22Sage CSR Report 08 - Community Sage is a real local and global success story. We've gone from one man's need to simplify his print process, to helping 5.8 million businesses worldwide every day. We're proud of our roots and our headquarters are still based in Newcastle where it all began. Being one of the larger employers in the North East, makes it even more important to act responsibly, and realise the impact we have on our local areas. We feel it's our duty to give back to the communities surrounding us. They're full of our people, customers, suppliers and their families, and they all play a part in our success. We've worked with pupils, charities, community groups, even animals to give something back and we've provided an insight into our activities here. It's really rewarding, and it keeps our feet ( and our wellies) firmly on the ground. Community commitment We aim to make a positive contribution to our local communities We'll do this by: • Providing opportunities for our people to complete volunteer work in their local community • Looking for more ways to work with and support young people in education • Promoting the skills and personal development benefits to everyone across Sage of taking part in volunteer projects 22 Going back to school We pride ourselves on our innovative people and our entrepreneurial roots, so it makes sense that we'd invest a bit of time and effort in helping young people to develop these skills. This year we've worked with Young Enterprise and local Education Business Partnerships ( EBPs), to deliver programmes in 15 schools, ranging from Enterprise Days to Personal Finance workshops. Supporting skills and developing Diplomas As a software provider we're all too aware of how important it is to develop ICT skills, so we're supporting the new ICT diploma for young people in schools around the country. We've hosted training for teachers, ran Q& A sessions, and filmed our people and offices, to help promote the qualification. Partnering with more schools to help even more pupils is on the cards for 2009. We've been more than happy to provide advice and look forward to seeing the results on many a CV in years to come. Opening the door and creating confidence Wandering around our Headquarters ( as lovely as they are) isn't everyone's idea of fun, but when we were asked by a local hospital cancer ward if they could, how could we refuse? Many of the patients at the Teenage Cancer Ward at Newcastle's Royal Victoria Infirmary ( RVI) miss out on school life and work, and have a lot to juggle when they recover. To rebuild some of their confidence, we opened our doors, showed them around and gave them an insight into the who, what, where and how of Sage and talked about the opportunities available to them. We know it was a good day, because David, one of the teenagers, told us: " We had a great day at Sage, especially in their IS Department. The building, the people we met and the welcome they gave us were all first class. Everyone did their best to give us all a great day and they succeeded. Thank you, we all appreciate it very much". A brief history of Sage It all started in a local print works on Newcastle's Quayside when entrepreneur, David Goldman, wanted to automate the print estimating process. He worked with a team of Newcastle University students who developed software to manage both print estimating and basic accounting. David realised other companies like his would benefit from the software and formed a company to begin selling it. As desktop PCs became widespread, so the Sage range grew and our business went from strength to strength. We floated on the London Stock Exchange in 1989 and in 1999 we entered the FTSE 100 where we remain today.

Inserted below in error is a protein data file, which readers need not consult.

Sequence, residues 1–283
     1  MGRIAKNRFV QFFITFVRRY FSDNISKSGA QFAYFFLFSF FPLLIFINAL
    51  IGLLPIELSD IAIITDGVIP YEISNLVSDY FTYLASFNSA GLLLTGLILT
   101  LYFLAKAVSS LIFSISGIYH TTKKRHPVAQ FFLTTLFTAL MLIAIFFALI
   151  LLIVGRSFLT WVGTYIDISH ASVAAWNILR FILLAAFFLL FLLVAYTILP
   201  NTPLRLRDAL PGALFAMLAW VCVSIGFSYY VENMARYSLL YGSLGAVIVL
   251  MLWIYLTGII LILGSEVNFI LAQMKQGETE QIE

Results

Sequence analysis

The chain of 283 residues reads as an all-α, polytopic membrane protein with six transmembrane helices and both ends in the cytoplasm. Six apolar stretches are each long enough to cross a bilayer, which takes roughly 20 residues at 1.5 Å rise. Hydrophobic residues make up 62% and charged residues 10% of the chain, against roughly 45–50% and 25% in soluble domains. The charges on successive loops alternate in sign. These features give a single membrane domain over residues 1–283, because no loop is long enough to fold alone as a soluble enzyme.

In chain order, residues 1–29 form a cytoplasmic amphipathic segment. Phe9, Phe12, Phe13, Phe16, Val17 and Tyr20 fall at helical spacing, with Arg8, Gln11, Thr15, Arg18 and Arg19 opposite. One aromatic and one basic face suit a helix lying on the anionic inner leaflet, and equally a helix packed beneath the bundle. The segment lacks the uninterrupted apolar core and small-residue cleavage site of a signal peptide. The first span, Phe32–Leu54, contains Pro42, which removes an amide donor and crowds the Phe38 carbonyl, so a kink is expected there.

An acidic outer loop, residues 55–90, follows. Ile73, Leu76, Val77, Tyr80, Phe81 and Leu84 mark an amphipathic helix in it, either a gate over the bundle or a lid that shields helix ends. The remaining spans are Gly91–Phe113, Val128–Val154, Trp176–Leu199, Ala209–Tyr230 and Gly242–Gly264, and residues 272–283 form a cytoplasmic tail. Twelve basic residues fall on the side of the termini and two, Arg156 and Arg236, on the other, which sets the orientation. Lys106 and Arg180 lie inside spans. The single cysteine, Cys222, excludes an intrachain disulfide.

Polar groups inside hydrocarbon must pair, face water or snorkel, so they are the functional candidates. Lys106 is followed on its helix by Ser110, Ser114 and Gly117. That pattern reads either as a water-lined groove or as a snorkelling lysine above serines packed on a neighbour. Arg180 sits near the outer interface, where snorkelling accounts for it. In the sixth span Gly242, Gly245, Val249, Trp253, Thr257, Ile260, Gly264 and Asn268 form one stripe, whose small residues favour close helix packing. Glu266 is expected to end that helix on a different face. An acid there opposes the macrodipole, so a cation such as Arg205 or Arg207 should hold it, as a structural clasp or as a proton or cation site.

1,200 Over 1,200 pupils have benefitted from work of our volunteers in 2008 So, being a Business Ambassador, what's that about? I help run business- related activities at high schools across the region with the help of North East EBP's. We go into schools and run various activities with anywhere from 10 to 200 pupils. My role in the sessions is to introduce myself ( where I work and what I do) and help run and facilitate the chosen activities. The last one I did was to give pupils an insight into working life and advice on getting a job by sharing my own experiences of working life with them. Tell us about some of the things you've done? ' Duck Production' is an entrepreneurial activity where children buy materials, produce paper ducks and sell them on. The group with the biggest profit wins – the kids love it. I've ran ' Real Game' too, turning kids into adults for the day. They find a job and learn to balance their finances. From the experience they realise they can afford more things as they earn more. It's great to show kids how the skills they learn will benefit them later in life. ' Careers Speed Dating' is another activity where I've been ' grilled' about my work experiences. It's great to reiterate to kids that their working life is not that far away. And come on then – what about the craziest one? Definitely being outdoors with a bunch of teenagers. A glorious day of team- building activities including a blindfold session and a zip- wire across a stream! Both were great fun, and true confidence builders. So why do you volunteer, and why should others? When I was at school I didn't benefit from these ' real world experiences' and if I had, I would've been better prepared. Schools are often so busy teaching pupils for exams they don't get time to prepare them for working life. I would encourage anybody to take part. Do it for the kids. But also it gives you an opportunity to get experience of presenting and leading others. When you work with children for the first time is when you realise if you have people skills. " Having now done it, I think it's been a great and very rewarding experience. Children need as much encouragement as possible and it's very touching to see children having a ' light- bulb moment'." Sage CSR Report 08 - Community23 Five minutes with an Educational Volunteer We take some time out to speak to Kenneth to understand what it means to him to volunteer in local schools.